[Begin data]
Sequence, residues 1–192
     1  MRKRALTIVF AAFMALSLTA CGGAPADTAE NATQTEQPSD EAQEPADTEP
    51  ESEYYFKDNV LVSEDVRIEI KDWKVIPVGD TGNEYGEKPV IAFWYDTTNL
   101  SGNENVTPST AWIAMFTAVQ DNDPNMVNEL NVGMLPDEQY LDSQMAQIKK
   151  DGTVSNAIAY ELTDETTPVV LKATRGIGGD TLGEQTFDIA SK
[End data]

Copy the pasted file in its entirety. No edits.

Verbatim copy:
Sequence, residues 1–192
     1  MRKRALTIVF AAFMALSLTA CGGAPADTAE NATQTEQPSD EAQEPADTEP
    51  ESEYYFKDNV LVSEDVRIEI KDWKVIPVGD TGNEYGEKPV IAFWYDTTNL
   101  SGNENVTPST AWIAMFTAVQ DNDPNMVNEL NVGMLPDEQY LDSQMAQIKK
   151  DGTVSNAIAY ELTDETTPVV LKATRGIGGD TLGEQTFDIA SK